The Screener
Oscar Nominated Short Films 2009

Unlike stiff features like The Reader or even the wildly uneven Curious Case of Benjamin Button, this year's Oscar-nominated shorts program is pretty much a risk-free venture.

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Two Lovers: All Your Choices Are Bad Ones

What James Gray bravely does in Two Lovers is return the idea of pain, and the threat of bad decisions, to the American film romance.

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Taken: Daddy Tortures Best

Mill's towering righteousness is just too much for this weak little film, whose only interest is in affirming the white patriarchal prerogative.

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A Perverted Perception of Movies

The success or failure of The Pervert’s Guide to Cinema hinges greatly on what one thinks of Slavoj Zizek's free-range associations on desire, blood, human waste, castration, and social control in films.

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22 Jan 2009 // 8:59 PM

On the End of Every Fork

Our Daily Bread is a 21st century naked lunch in the true sense of what Burroughs meant, not a scattershot impressionistic sensory assault, but an eye-opener that can actually change the way one views the world.

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Slumdog Millionaire: All Eyes East

Slumdog Millionaire's Golden Globe win for Best Motion Picture/Drama is like a flare warning Hollywood about its future in cinema.

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8 Jan 2009 // 8:59 PM

Guerrilla Patton

Soderbergh's supersized retelling of the Che Guevara legend is an uncomfortable mix of war procedural and unabashed hero worship; ingenious but flawed.

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18 Dec 2008 // 8:59 PM

Exquisite Agony

This holiday season, Mickey Rourke (in The Wrestler) and Will Smith (Seven Pounds) suffer for all us sinners.

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11 Dec 2008 // 8:59 PM

Shameful Exposure

A fiery Kate Winslet saves morality tale in 'The Reader' while a similarly powerful Meryl Streep can't do the same for the overly certain 'Doubt'.

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Frost/Nixon: An Interview with a Vampire

Frank Langella seethes and pulsates with cunning as the deposed president in 'Frost/Nixon', a far cry from the grinning cowboy executive Josh Brolin presented in 'W'.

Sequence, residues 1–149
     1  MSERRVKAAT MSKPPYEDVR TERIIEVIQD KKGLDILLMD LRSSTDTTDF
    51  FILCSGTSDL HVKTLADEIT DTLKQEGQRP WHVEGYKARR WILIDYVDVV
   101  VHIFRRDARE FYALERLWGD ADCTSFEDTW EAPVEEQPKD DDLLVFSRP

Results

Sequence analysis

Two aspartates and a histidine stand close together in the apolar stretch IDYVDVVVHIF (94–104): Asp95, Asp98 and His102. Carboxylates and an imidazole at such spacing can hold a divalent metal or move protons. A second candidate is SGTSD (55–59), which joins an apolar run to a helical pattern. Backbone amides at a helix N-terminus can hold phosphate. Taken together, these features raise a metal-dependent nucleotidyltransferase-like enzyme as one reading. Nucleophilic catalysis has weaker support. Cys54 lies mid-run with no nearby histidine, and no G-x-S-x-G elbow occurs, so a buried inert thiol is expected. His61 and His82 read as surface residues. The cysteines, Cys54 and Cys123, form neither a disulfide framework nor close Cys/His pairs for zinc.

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20 Nov 2008 // 10:00 PM

Cut to the Whatever

Marc Forster's Quantum of Solace slices away nearly every element of the old Bond, and leaves nothing in its place.

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Dying on the Mind: ‘A Christmas Tale’ and ‘House of the Sleeping Beauties’

In the moody House of the Sleeping Beauties, an aging widower fights despair with a succession of naked beauties, while in the sprawling A Christmas Tale, a family bickers around their mother’s terminal illness.

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6 Nov 2008 // 10:00 PM

Keith Haring: Warhol, Jr.

The Universe of Keith Haring digs under the artist's pop veneer and goes all the way to the surface, finding some kind of meaning in simplicity.

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Robot Roll Call: Mystery Science Theater 3000

The 20th anniversary DVD release of Mystery Science Theater 3000 is less a greatest-hits package than a reminder of simple joys, like mocking lousy movies.

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23 Oct 2008 // 11:00 PM

Identities in Flux

Kaufman’s Synecdoche, New York is performance art as civilization-annihilating Godzilla, whereas Eastwood's Changeling is a film that wins the stranger than fiction category, hands-down.

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16 Oct 2008 // 11:00 PM

Why, Spike, Why?

For all of Spike Lee's status as the eternal Young Turk, he's also a moviemaker who came of age just a few years after the brat pack of Spielberg, Scorsese, de Palma, et al.

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9 Oct 2008 // 10:59 PM

Irrational Exuberance

Watching Mike Leigh’s sublimely fresh Happy-Go-Lucky, you could be forgiven for wondering what the rest of humanity is so depressed about, anyway.

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2 Oct 2008 // 11:00 PM

In the Land of the Blind

Fernando Meirelles’ adaptation of Jose Saramago’s Blindness fails because the source material doesn’t easily lend itself to cinema, and because the filmmaker is clearly out of his depth.

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25 Sep 2008 // 11:00 PM

Pretty Vacant

The world of The Duchess should have been one of fiery tumult, but little of that foment makes it into this film’s garden party landscape.

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18 Sep 2008 // 11:00 PM

The Cold Season

Just when you start worrying about the state of American movies, and wondering whether the business is going to swandive into irrelevance, along comes something as vital and jolting as Frozen River.

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11 Sep 2008 // 10:59 PM

Women Without Men

Diane English’s version of The Women barely nudges from its Martha Stewart interiors, exchanging insights for platitudes. It’s a cup of lukewarm tea, without even a biscuit on the side.

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Are We Not Funny? Laugh, Damn You!

The problem with the (inexplicably popular) Tropic Thunder may be that Ben Stiller is just not a funny filmmaker. Not even remotely.

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//Mixed media

Robert DeLong Upgraded for 'In the Cards' (Rough Trade Photos + Tour Dates)

// Notes from the Road

"Robert DeLong ups his musical game with his new album In the Cards and his live show gets a boost too.

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